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Spend Analytics as key enabler to achieve sustainable procurement value through Closed-Loop Spend Management (CLSM)

In this four-part series we have looked at the question of sustainability and what it really means to an organization in terms of process and outcomes; we’ve specifically focused on what that means for Procurement, and consequently the business. We have explored where sustainability fits into the Procurement agenda, and how Procurement can embed sustainability into its processes, which has led to an exploration of how spend analytics can be applied to help an organization fulfil its sustainability goals.

  • In part 1 we talked to Heta Ruikka, VP of Product at Sievo, experts in spend analytics, about how combining analytics with process, by use of intelligent technology, can give organizations not only the insight to ‘see’ supply chain challenges but the agility to overcome them. How the use of spend analytics can create sustainable procurement strategies.
  • In part 2 we went deeper and looked at how the two terms ‘carbon-neutral’ and ‘net-zero’ mean different things as organizations look to reduce CO2 emissions. Speaking with Heta Pirttijärvi, Product Manager also at Sievo, an expert in spend and particularly CO2 analytics, we discover how intelligent use of spend data can translate into actionable information about emissions policy, and emissions reduction.
  • In part 3, we took a step further and learnt how all of this applies to Procurement in real terms. Talking to Torsten Naue and Shruti Goel, Sustainable Value Chain experts from professional consultancy, Accenture, we discovered how Procurement is well placed to leverage this spend data to help it not only support the organization’s sustainability and inclusion agenda, but actively drive it.

To conclude the series, we look at a novel approach to spend management that can “close the loop” between procurement and supply chain management and other key business functions to help organizations be more proactive in their quest for a more sustainable and responsible business.

To understand the principle of closed-loop spend management (CLSM) and how sustainability factors into the approach, we talked to Vivek Luthra, Shruti Goel and Torsten Naue, Sustainable Value Chain experts from professional consultancy, Accenture.

We began by asking for a better understanding of what CLSM means and how it can help drive sustainability.

What is ‘closed-loop spend management’ and how does it relate to sustainability?

Closed Loop Spend Management is an approach that is geared toward injecting agility and resilience into business operations by optimizing overhead costs and transforming the supply chain and procurement processes.” (The subject of how resilience ties to sustainability is explored in Part 1: Creating sustainable procurement strategies for a resilient business by expanding on spend data.) “It aims to generate 4x more value than an average industry player through better cost management, digital accelerators and responsible sourcing capabilities.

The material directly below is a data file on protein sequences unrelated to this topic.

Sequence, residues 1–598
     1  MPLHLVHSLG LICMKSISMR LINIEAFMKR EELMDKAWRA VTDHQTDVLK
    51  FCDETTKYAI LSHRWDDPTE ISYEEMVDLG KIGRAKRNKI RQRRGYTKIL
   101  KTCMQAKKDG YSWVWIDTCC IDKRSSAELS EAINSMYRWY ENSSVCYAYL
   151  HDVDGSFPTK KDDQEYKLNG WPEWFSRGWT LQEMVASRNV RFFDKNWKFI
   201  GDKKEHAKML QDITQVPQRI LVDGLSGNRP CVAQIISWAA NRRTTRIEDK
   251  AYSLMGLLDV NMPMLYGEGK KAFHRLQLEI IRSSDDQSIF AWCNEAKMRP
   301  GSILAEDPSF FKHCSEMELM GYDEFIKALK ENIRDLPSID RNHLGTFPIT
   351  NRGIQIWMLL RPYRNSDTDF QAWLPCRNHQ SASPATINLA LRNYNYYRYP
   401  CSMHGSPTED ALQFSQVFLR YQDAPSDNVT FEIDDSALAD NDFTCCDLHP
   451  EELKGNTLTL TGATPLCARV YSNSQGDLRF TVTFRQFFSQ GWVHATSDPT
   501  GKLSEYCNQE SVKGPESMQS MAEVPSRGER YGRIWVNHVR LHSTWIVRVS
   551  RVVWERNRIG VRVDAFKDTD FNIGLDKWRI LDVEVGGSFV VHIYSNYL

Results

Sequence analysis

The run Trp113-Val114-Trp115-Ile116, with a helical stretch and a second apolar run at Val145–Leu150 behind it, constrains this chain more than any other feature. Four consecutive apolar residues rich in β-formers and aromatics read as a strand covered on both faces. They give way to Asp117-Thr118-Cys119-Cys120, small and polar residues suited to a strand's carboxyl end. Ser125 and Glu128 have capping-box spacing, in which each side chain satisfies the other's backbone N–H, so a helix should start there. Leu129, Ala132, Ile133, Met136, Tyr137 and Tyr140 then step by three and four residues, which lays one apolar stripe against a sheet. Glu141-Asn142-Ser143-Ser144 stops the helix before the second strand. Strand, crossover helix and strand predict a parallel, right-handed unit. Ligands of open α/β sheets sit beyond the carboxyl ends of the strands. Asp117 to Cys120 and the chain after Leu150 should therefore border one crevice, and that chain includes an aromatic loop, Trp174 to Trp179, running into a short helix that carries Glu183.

“CLSM enables enterprises to unlock value and fuel transformation and growth in the business operations through:

  • Spend transformation – extracting maximum value through differentiated and new value levers including digital.
  • New ways of working becoming agile and resilient enterprises through automation, digital accelerators, living architecture, variable cost structures and talent of the future.
  • Responsible sourcing — enabling trust and transparency in the value chain, reducing greenhouse gas emissions and eliminating wasted capacities by leveraging circular sourcing opportunities.

“The approach is anchored to 6 key steps: 1) Visibility 2) Value Targeting 3) Category Ownership 4) Lock Value in Budgets 5) Execute Initatives and 6) Control & Monitoring. Across each of these steps sustainability has been entrenched in the following manner to ensure that CLSM has Sustainabilty embedded by design and not as a bolt-on approach:

  1. Create visibility of environmental and social impact of the spend baseline, consider e.g., carbon emissions, water, biodiversity impact, job impact, amongst others
  2. Articulate value levers that not only address cost reduction and demand management, but also outline the environmental and societal impact (and potential trade-off). Identify innovative, sustainable value-levers that also can drive for cost-efficiency.
  3. Define category ownership that turns Sustainability-enhanced category plans into reality in the day-to-day business.
  4. Lock in defined budgets that reflect potential environmental impacts and levers.
  5. Execute sourcing initiatives to optimize cost and reduce environmental impact.
  6. Control and monitor cost savings and sustainability impact for each initiative.

A CLSM approach can boost a company’s operational resilience, cost elasticity and value maximization, while addressing and optimizing the sustainability impact of the spend. The first step in taking this journey forward is to conduct a spend analytics with a sustainability lens.”

So, how does spend analytics as part of the CLSM cycle work and contribute to the sustainability agenda?

“Spend analytics works through leveraging the innate relationship between every dollar spent and its associated environmental and societal impact, i.e., for every good or service you procure, there is a corresponding impact embodied in that purchase, such as the carbon or water involved in its creation. The process in turn relies on two fundamental inputs, spend data, and ESG impact factors. In short, ESG impact factors show the average impact (e.g., carbon emissions) per monetary value of a good or service. These are estimated via environmentally extended input-output tables (EEIOs), which use economic data on the flow of goods and services, across industries and economies, overlayered with environmental data, to provide the average environmental inputs into said good or service (e.g., 0.5 kg of CO2e emissions are embodied in every dollar spent on aluminum).